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A Guide to Drug-Related State Ballot Initiatives






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Initiative 40
Medical Use of Marijuana

Sponsor Coloradans for Medical Rights
(A Subsidiary of Americans for Medical Rights)


Voters passed this initiative in 1998, when the measure was placed on the ballot despite a subsequent decision that an insufficient number of signatures had been collected. The Colorado Supreme Court later overruled this decision and placed the initiative on the November 2000 ballot.


Approves marijuana plant material (smoked marijuana) as a safe and effective medicine for people with "debilitating medical conditions including cancer, glaucoma, HIV/AIDS" and for treating "cachexia, severe pain, severe nausea, seizures characteristic of epilepsy, muscle spasms characteristic of multiple sclerosis," and other medical conditions approved by the state health agency.

Permits possession of up to 2 ounces and cultivation of up to 6 marijuana plants for medical use

Exempts patients from all civil and criminal marijuana penalties

Tasks state health agency with establishing a registry of such patients and issuing cards to them and to their primary caregivers.

Allows children access to medical marijuana with parents' permission.

Invalidates federal Food and Drug Administration regulations that govern approval of new medications, federal drug
-control laws, and international drug-control treaties. However, federal law and international treaties prevail over state law.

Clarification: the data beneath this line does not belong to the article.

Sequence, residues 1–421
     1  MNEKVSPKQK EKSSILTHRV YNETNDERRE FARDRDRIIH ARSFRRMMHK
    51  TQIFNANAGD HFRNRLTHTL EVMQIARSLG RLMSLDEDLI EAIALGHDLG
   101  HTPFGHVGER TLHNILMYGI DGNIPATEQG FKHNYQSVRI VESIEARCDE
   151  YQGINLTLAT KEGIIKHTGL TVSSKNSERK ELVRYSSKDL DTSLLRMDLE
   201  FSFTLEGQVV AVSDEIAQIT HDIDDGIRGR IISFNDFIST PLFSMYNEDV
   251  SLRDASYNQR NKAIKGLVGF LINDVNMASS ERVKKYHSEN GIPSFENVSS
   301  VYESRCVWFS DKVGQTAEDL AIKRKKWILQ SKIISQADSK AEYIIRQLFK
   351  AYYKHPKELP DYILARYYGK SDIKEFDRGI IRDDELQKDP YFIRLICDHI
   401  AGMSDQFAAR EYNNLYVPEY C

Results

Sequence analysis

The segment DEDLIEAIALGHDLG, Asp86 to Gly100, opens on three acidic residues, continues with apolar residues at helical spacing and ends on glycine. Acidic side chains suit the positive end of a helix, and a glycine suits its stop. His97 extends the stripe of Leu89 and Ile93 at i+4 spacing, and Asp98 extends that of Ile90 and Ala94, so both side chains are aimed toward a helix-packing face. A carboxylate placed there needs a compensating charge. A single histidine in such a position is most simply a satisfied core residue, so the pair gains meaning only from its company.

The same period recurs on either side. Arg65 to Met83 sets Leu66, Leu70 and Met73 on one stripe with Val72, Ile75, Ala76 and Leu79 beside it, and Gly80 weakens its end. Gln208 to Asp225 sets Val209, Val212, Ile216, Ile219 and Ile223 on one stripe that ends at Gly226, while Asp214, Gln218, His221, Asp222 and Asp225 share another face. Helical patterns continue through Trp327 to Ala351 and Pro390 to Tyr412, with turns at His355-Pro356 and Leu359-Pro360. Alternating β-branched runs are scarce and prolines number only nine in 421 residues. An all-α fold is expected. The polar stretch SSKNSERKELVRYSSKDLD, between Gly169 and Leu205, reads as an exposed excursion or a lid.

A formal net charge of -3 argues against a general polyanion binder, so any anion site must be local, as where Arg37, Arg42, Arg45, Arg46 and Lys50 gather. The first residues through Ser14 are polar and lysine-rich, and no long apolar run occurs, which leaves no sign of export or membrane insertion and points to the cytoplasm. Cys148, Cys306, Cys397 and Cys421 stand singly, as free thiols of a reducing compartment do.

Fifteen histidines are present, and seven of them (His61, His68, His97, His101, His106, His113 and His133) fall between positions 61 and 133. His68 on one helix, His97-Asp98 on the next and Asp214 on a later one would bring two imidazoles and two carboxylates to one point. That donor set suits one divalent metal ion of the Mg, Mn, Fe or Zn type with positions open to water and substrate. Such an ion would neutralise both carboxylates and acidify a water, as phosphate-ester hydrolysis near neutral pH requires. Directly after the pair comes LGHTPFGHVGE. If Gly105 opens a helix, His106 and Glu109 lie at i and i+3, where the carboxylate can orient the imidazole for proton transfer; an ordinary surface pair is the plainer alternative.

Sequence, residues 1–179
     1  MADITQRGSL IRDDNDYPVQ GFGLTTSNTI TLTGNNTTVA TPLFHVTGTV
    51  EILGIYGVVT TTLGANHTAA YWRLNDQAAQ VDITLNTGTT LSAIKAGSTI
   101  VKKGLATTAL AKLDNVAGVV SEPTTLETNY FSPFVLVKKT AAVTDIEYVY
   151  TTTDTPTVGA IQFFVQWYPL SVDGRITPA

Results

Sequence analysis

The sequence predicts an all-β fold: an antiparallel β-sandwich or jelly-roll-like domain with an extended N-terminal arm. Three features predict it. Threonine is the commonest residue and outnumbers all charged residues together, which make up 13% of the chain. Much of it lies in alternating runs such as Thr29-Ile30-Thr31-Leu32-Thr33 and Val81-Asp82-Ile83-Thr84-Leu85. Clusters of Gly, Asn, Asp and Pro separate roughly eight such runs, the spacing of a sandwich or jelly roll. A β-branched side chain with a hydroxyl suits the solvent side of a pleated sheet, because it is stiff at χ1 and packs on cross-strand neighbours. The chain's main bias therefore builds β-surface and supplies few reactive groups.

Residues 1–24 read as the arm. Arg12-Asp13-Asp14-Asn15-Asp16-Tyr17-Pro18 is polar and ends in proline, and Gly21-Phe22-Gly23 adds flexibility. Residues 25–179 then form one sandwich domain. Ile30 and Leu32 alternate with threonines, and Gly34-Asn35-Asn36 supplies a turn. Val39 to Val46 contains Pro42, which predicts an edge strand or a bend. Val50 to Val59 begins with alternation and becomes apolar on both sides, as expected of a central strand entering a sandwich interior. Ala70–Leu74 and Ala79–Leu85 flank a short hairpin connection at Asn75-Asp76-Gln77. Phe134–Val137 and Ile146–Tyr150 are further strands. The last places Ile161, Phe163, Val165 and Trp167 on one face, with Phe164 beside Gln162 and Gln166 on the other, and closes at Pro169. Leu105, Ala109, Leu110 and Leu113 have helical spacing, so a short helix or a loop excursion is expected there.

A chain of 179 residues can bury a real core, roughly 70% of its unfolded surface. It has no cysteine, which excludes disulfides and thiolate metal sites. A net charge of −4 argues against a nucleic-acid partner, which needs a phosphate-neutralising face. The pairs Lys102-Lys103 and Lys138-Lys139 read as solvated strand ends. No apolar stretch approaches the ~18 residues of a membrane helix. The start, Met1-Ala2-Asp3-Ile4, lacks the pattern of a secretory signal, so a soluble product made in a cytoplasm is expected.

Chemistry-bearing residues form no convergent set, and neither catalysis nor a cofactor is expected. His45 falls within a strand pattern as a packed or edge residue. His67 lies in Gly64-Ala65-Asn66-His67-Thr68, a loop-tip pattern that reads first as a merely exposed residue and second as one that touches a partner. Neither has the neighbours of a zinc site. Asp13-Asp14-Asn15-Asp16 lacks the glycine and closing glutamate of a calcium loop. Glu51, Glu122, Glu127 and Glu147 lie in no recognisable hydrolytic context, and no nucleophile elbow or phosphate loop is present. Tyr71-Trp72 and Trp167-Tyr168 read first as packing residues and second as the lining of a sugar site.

What Proponents Say
Proponents view this initiative as a referendum on the doctor/patient relationship. They "ask why doctors can legally prescribe for their patients drugs far more potentially addictive and toxic than marijuana
--morphine, cocaine derivatives--without anyone warning about possible addiction or those drugs’ influence on children. And backers of medical marijuana say hundreds of years of therapeutic cannabis use have left a library of unofficial research."
(Denver Post 7/16/00)

"‘This gives patients and doctors, not the government, one more treatment option for glaucoma, cancer, AIDS, and other serious illnesses,’ said Luther Symons, president of CMR (Coloradans for Medical Rights). Reorganized for the upcoming election fight, CMR plans to use grass-roots politicking as well as mass media advertising to ensure a victory, according to Symons. ‘In 1998, we were able to do some sophisticated exit polling that showed it would have passed with 60 percent of the vote,’ he said, citing recent polls showing that support has grown to 70 percent.'"
(Denver Post 7/30/00)

"‘We want to give Colorado patients an additional treatment option,’ said Luther Symons of Ridder Braden public relations agency, which is heading the campaign this time around. ‘I don’t want to see people become criminals trying to treat an illness.’"
(Denver Post 7/16/00)

What Opponents Say
Former head of the Colorado Medical Society Dr. Joel Karlin says "These are better and safer drugs that contain the same chemical (THC). . .(that) have advantages." The dosage is accurate and the patient is not required to grow marijuana or obtain it from the illegal market. He notes that the American Medical Association, the American Cancer Society, and the Colorado Medical Society oppose the initiative and the National Institutes of Health say crude marijuana adds nothing to currently available medicine and may increase the risk to patients.
(Denver Post 7/16/00)

Americans for Medical Rights
$   739,563.43
$       2,631.07
$ 742,194.50

(Colorado Secretary of State's Office.  Note:  Americans for Medical Rights is funded by George Soros, Peter Lewis, and John Sperling.  Figures are preliminary.)



Qualified for November 2000 ballot


Compared to other states, Colorado ranks:
4th in past- month illicit drug use
1st in marijuana use
6th in drug use other than marijuana
7th in past- year drug dependence
5th in drug or alcohol dependence
(1999 National Household Survey on Drug Abuse)

Details, Use
Details, Dependence

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